• Use the endorsement options on BranchOut and LinkedIn to your advantage to show potential employers how you may fit culturally within a company.
  • While important, leverage Twitter as a secondary social network to share insight into trends that pertain to your experience. Use the network to engage with the company you’re interested in and to show them you understand their space well. 
  • Activate the correct privacy settings, especially on Facebook, and hide images or comments that you don’t want a future employer to see.
  • Your public identity is an extension of your resume. Therefore, keep you public posts as professional as possible.

Prediction #3: Now more than ever, it’s all about mobile.

The explosion of mobile usage will continue to grow in 2012, causing a shift in the way people exchange information. The ever-increasing use of smartphones means people are foregoing traditional networking avenues like exchanging business cards in favor of connecting digitally. More than 75 percent of jobseekers are already incorporating mobile apps into their searches, and this figure will undoubtedly rise in the coming year.

 BranchOut Tips:

  • Download apps on your mobile device that allow you to instantly exchange contact information with new people. A few of our favorites include the following: 
    • Bump: Share contact information, photos, apps, messages and more by simply “bumping” the information from one phone to another. You can even become friends instantly on social networks through this app.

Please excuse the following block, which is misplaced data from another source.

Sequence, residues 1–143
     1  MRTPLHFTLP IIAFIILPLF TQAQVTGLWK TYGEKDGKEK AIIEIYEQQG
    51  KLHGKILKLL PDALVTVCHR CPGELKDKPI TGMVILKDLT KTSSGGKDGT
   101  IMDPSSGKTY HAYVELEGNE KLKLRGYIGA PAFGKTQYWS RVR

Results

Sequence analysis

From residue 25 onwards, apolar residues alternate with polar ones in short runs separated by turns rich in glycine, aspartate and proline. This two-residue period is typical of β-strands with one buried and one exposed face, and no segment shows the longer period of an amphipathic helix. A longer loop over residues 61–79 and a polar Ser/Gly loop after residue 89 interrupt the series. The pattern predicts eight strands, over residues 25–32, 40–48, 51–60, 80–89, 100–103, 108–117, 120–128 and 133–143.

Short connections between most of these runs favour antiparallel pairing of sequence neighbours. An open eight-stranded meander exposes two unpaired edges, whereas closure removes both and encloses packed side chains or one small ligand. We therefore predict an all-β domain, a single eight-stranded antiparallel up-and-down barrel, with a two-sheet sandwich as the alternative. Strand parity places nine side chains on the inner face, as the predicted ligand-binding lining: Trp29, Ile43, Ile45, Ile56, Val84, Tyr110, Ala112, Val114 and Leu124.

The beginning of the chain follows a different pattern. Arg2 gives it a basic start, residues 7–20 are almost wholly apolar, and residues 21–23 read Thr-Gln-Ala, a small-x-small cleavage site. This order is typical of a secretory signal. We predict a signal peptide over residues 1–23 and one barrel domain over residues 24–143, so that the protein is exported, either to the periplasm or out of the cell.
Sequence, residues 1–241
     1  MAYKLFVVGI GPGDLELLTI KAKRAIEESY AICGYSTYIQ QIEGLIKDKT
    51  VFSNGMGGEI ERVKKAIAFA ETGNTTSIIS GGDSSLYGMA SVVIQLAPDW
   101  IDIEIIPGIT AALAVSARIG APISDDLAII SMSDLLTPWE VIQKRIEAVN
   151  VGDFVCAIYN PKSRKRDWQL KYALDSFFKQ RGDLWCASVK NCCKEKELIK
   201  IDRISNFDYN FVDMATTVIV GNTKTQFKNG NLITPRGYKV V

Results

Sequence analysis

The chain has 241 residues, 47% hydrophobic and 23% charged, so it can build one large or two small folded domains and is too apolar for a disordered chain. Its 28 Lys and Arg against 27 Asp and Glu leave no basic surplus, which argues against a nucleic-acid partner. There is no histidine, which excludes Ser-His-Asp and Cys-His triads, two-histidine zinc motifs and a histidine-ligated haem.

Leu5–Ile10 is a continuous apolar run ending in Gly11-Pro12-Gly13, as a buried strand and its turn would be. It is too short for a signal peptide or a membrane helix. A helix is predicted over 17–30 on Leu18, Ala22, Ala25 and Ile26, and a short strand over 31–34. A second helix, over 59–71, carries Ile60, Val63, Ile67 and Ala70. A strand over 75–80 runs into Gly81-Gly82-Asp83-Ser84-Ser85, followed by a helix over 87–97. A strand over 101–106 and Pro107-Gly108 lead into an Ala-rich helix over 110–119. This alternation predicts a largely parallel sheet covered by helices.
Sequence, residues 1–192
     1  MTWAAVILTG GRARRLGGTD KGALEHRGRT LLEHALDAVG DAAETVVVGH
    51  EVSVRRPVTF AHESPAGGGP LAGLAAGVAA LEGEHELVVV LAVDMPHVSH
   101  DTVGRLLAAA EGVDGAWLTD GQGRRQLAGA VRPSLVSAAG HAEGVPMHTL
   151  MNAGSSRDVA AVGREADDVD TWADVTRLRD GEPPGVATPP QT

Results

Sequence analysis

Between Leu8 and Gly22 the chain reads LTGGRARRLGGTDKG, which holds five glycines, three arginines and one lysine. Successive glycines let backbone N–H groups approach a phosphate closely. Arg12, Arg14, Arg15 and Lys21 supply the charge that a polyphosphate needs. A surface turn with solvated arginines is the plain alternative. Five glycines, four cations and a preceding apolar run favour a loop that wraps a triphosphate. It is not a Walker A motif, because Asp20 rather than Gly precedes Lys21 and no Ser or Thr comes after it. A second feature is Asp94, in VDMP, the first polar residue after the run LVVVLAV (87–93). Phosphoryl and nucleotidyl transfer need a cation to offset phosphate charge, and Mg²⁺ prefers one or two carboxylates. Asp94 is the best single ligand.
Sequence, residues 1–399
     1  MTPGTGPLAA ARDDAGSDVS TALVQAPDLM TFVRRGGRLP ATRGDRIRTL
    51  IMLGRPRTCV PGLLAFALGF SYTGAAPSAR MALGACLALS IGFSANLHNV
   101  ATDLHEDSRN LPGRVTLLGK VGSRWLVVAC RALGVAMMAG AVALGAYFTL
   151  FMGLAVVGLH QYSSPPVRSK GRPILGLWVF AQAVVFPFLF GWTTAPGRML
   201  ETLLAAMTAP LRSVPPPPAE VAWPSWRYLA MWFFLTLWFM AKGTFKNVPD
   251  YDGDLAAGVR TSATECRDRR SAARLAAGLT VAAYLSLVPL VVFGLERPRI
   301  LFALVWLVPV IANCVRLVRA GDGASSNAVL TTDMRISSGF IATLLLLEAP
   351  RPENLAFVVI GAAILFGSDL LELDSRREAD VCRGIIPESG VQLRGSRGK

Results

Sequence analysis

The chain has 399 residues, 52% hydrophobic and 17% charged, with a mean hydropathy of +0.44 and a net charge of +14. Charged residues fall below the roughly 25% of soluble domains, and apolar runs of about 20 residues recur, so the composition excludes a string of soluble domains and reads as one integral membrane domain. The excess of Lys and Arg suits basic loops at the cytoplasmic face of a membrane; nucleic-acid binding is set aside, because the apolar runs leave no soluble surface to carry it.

• Google Goggles: Scan business cards with your smartphone camera and instantly add the new contact to your address book.
    • Pocket Resume: Create and send resumes from Apple devices.
    • Resume Bear: Know when your resume is opened, forwarded or printed directly on your mobile devices.
  • Use QR (quick response) codes to quickly share your personal information and link to your social networks

Prediction #4: The “unhappy employee” group of jobseekers will begin seeking better pastures.

The economic downturn led to people taking positions that weren’t necessarily ideal, simply because they needed a job. As the economy improves and unemployment rates decrease, more people will look to change to a job that makes them happier. Though this group has always existed, their numbers are expected to grow since the number of underemployed is higher now than in previous years.

BranchOut Tips:

  • Leverage Facebook to be your catalyst for change as it’s the most obvious and natural place to turn too, since it houses all of your authentic personal connections.
  • Look to your friends who are happy at their place of employment to see if there are openings where they work. If there’s an open position, ask them to recommend you. Companies look strongly at referrals from current employees when interviewing candidates. If a position doesn’t currently exist, leverage your friendship to ensure the hiring manager reviews your resume.  If a position opens, you have a stronger likelihood of it being reviewed first.  

Happy New Year and good luck on your job search!

-The BranchOut Family